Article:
25 Ways To Optimise Your eCommerce Product Pages
Spring has finally sprung!
With temperatures forecast to reach 20 degrees later this week, there is no doubt that spring has finally sprung! Hopefully you’ll have now have taken delivery of lots of new spring/summer stock ready for the longer and warmer days to come. With this in mind, we thought it would be a good time to run through a few ways that you can optimise your product pages for the new season.
Stand Out Against The Competition
Make sure that your title tags and meta descriptions provide users with an indication of the page’s content. This will allow the users to choose the most relevant result for their needs and prevent them from clicking through only to bounce straight back to the SERPs again. If your page is for a specific colourway, make sure you mention this in the title tag – if you stock the product in several different colours mention this too.
Make sure that your title tags are within the 50-60 character range (or 512 pixels wide) and your meta descriptions are between 150 – 160 characters. This will ensure your entire meta content is displayed in the SERPs rather than being cut off or discarded. Use key phrases at the start of your title tag to ensure that they are the first thing the user sees.
Your meta content is an advert so make sure you shout about your USPs! Chances are there are a number of other retailers stocking exactly the same products as you. You need to tell the user why they should order from you over your competitors – Can you get the product to them faster? Do you offer free shipping or returns? Do you have a price match policy? Try, when possible, to include your brand name in your title tag – even if the user doesn’t click through it will encourage them to associate your brand with the product they are searching for.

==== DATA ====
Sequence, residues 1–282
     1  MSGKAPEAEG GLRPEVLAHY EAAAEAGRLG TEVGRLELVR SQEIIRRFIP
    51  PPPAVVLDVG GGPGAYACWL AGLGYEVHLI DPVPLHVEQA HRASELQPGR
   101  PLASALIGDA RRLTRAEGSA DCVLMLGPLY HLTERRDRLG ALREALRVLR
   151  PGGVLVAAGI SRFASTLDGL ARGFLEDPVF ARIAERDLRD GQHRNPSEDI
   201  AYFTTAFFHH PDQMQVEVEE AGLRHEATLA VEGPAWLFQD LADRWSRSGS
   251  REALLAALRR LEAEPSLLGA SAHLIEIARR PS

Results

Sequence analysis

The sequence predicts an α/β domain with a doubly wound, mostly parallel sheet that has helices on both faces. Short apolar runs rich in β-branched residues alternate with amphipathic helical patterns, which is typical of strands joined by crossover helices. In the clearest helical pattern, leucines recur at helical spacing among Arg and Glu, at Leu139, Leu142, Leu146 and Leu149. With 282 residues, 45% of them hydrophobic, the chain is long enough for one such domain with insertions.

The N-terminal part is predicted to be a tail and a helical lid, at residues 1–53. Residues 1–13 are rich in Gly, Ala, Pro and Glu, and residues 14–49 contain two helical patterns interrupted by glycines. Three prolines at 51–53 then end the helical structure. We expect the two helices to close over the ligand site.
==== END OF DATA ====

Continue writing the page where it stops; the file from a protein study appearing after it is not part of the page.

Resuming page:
Make sure that your meta content is unique for all pages. Your site shouldn’t contain any duplicate pages so naturally your meta content should not be duplicate. You can find details of any duplicate title tags and meta descriptions in the HTML Improvements section in Google Search Console. Identifying duplicate meta content can often help you to highlight areas of your site that have duplicate content issues. Pages that are targeting the same phrases without any unique content will be competing with each other in the SERPs. More often than not Google will choose not to index one of the pages meaning any value from optimising that page is lost.
Optimise your meta content to improve your click through rate. Check Google Analytics to see if you are receiving a high number of impressions for certain queries but low click throughs. Take a look at the search results yourself to identify the reasons why you might be missing out. Where relevant make sure you include the query in your title tag as this will encourage users to click through and can help you to rank in a higher position for the query. Any use of the query in the meta description or URL will be bolded in the search results and can also encourage users to click through also encourage users to click through.
Provide Clear Information About The Product To Potential Customers & Search Engine Robots
When writing your product titles and descriptions make sure that you are using phrases that your target market might use when searching for the product. Make sure that you mention what the product is in the title. For example, if it’s a pair of trainers make sure you use the word trainers. You may think that it’s obvious what the product is but your potential customers and search engine robots may not. If the product is designed for a gender or age range mention this in the title. Include the year or model where applicable.
If you sell products that come in different colours or finishes and these variants have their own unique URLs make sure that each variant has it’s own description. This will prevent search engines from seeing them as duplicate. Include the name of the variant in the meta content and heading tag. In the description talk about the specific colour or finish – is it part of a trend/ look, does it have different complementary items, would it suit different uses?
Always use your product description as a place to highlight the features and benefits of the product. Make sure that you are using positive and persuasive language. Use adjectives that are appealing to your target market and tell the reader why they should buy the product. Suggest uses and tips for the product to create the impression that the product offers value.
Upsell by talking about complimentary items and then provide links to these items on the product page. If items go well together provide the option to buy them as a package deal.
Use structured data mark-up to provide search engine robots with more information and help them to understand what your page is about.
Optimise Your Images